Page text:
In baseball, players move frequently from one level of the game to the next. Top prospects dance quickly up the ladder of minor league franchises to the majors, while middling players and flameouts can spend careers only a couple of rungs up that ladder.
This week, I decided I wanted to try and take a step or two up that ladder. I traveled to New York City to audition for the world premiere of the stage musical of Newsies.
Now, some background: I have been infatuated with Newsies since I was about 12. My third year in the summer theater camp I attended was supposed to be my last (I was going to outgrow the program). So I was virtually guaranteed a major role. I had been disappointed and confused at the selection of a show I knew nothing of. And after watching it, I liked the premise but was wary of the lengthy kiss scene at the end (hey, I was 12!).
Long story short, I fell in love with the show as we worked on it, in particular the music. Santa Fe killed (and still kills) me, and Seize the Day and Once and For All just stuck in my head for hours on end.
Years pass. I act some more, fall out of acting for a little while, then leap into a deep end of acting in the world of community theater. Some cohorts tell me I've got a nice voice, and over time my confidence in my dancing grows from a 0 to a 5 or a 6 on a scale of 10.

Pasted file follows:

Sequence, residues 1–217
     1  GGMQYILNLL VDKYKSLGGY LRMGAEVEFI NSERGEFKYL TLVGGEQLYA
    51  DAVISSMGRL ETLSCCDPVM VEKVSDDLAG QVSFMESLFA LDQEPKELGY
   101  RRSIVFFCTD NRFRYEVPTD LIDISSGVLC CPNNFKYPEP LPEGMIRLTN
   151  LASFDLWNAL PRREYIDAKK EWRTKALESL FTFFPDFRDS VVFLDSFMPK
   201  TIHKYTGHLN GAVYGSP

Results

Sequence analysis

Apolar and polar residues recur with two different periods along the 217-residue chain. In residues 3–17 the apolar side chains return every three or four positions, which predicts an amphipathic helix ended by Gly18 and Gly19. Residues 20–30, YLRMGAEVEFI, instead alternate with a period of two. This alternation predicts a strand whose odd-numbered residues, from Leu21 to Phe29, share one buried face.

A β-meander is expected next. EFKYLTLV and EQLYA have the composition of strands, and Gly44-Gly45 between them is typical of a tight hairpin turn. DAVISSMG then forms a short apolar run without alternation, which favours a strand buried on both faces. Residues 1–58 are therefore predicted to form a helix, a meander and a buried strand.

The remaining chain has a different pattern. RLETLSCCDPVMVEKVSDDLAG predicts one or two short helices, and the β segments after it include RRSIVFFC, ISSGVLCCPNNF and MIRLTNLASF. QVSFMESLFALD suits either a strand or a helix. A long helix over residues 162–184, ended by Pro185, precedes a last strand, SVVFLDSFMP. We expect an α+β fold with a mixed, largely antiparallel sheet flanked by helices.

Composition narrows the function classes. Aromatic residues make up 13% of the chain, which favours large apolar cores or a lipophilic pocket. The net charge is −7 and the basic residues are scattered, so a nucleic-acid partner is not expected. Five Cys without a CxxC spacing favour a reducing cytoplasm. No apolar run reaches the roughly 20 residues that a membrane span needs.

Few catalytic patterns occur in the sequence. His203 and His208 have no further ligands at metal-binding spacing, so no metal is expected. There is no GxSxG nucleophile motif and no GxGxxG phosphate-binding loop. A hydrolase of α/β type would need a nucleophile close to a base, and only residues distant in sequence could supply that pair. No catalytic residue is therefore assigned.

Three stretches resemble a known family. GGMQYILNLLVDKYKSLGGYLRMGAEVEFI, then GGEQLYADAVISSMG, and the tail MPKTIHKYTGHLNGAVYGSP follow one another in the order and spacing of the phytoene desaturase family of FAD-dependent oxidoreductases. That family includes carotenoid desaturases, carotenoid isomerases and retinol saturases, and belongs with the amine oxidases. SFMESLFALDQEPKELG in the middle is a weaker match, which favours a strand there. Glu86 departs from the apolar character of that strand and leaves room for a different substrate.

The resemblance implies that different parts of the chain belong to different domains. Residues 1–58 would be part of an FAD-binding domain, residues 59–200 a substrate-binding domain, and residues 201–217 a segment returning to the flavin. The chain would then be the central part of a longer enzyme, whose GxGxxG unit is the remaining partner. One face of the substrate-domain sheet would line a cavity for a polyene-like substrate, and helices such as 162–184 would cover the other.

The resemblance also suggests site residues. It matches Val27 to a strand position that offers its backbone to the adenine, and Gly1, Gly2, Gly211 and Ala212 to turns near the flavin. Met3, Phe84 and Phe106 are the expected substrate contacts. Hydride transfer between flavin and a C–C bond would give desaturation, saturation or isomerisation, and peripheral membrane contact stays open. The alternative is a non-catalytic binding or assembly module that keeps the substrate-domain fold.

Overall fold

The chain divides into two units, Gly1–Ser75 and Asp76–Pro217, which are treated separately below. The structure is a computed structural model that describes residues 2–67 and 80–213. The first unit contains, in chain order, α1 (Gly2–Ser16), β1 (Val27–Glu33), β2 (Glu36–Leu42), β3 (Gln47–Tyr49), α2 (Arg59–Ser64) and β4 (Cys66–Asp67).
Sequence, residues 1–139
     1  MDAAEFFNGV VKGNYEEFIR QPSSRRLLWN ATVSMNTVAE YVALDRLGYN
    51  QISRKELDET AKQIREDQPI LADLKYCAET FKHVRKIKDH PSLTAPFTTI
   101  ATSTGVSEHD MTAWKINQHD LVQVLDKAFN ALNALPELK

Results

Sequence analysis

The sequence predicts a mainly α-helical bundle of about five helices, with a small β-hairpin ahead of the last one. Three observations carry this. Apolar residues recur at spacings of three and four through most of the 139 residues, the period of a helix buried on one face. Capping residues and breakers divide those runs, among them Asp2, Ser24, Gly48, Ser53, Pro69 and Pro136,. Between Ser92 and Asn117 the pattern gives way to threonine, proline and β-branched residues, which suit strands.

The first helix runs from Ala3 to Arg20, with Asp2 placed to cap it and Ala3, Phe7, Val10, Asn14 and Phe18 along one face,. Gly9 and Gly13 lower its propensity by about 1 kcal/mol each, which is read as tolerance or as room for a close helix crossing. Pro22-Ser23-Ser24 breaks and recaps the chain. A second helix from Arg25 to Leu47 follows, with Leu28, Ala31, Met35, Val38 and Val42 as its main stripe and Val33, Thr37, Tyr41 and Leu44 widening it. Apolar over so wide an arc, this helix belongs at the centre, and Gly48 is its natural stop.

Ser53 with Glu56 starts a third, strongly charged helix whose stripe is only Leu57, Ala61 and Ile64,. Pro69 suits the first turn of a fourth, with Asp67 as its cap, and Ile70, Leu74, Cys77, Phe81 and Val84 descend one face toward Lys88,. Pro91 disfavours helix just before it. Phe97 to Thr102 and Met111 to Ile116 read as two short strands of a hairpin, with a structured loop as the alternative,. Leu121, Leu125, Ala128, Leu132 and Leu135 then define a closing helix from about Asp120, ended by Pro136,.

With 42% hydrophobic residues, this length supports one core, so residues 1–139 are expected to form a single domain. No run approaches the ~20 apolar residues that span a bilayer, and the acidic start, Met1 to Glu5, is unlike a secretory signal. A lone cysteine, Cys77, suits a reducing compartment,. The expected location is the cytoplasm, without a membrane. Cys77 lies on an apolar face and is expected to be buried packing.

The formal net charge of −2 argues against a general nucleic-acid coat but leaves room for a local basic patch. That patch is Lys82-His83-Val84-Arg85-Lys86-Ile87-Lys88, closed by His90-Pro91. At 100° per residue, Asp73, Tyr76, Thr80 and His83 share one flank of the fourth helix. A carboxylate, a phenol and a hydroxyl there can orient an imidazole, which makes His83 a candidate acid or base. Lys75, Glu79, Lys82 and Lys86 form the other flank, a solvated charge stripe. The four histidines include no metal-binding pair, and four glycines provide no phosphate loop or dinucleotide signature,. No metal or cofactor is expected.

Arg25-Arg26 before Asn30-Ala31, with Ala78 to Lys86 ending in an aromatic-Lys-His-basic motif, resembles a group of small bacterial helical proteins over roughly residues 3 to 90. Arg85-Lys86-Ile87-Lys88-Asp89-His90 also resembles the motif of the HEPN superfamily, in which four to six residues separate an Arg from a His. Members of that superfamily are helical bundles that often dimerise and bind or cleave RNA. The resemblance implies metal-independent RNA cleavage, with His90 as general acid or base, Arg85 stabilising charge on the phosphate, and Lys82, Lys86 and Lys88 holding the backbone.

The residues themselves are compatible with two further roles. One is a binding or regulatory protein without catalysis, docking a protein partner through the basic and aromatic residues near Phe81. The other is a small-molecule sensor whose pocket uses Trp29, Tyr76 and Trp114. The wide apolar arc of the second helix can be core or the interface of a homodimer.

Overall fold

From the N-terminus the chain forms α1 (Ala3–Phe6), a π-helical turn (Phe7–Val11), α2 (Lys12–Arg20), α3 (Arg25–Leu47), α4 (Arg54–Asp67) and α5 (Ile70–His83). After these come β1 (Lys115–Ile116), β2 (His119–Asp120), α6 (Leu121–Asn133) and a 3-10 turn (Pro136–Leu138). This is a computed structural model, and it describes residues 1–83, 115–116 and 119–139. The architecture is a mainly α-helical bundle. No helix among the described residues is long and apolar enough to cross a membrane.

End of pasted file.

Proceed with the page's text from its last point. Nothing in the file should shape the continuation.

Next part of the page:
Then, a couple weeks ago, I discover that the world premiere of Newsies was having an open, non-equity call in New York the first week in May. I waffled for a while about going, but when every single person I mentioned it to encouraged me to do it, I sucked it up and went.
Much like minor league ballplayers, I made my pilgrimage by bus. And also much like minor league ballplayers, I stayed in a low-rent accommodation. A youth hostel, to be exact. My experience there could probably fill another blog entry, but suffice it to say the comedians hired by a youth hostel aren't very funny, the roommates like long nights, and the cacophony of language made sleep difficult.
The morning of the audition dawned early-ish (before 8 a.m.), and I staggered through my morning routine before triple-checking which subway I was getting onto and which stop I was getting off at. I made it to the audition studio with only one or two panicked moments of "I'm going the wrong way!", 15-20 minutes after they started accepting sign-ins.
In that time, one hundred and eighty-eight people had signed in.
Well, I figured I had nothing to lose, so I signed in and found a seat in the back corner. The tension (and the sexuality) were palpable. You could smell it. After some time just sitting and collecting my thoughts, we were told of the process. There would be several groups of about 30, each of which would go in, learn the dance, and then be judged on that. No singing was mentioned.
Damn. That was my ace-in-the-hole. I thought I'd found a perfect song, one that was basically Santa Fe, but for an animated movie.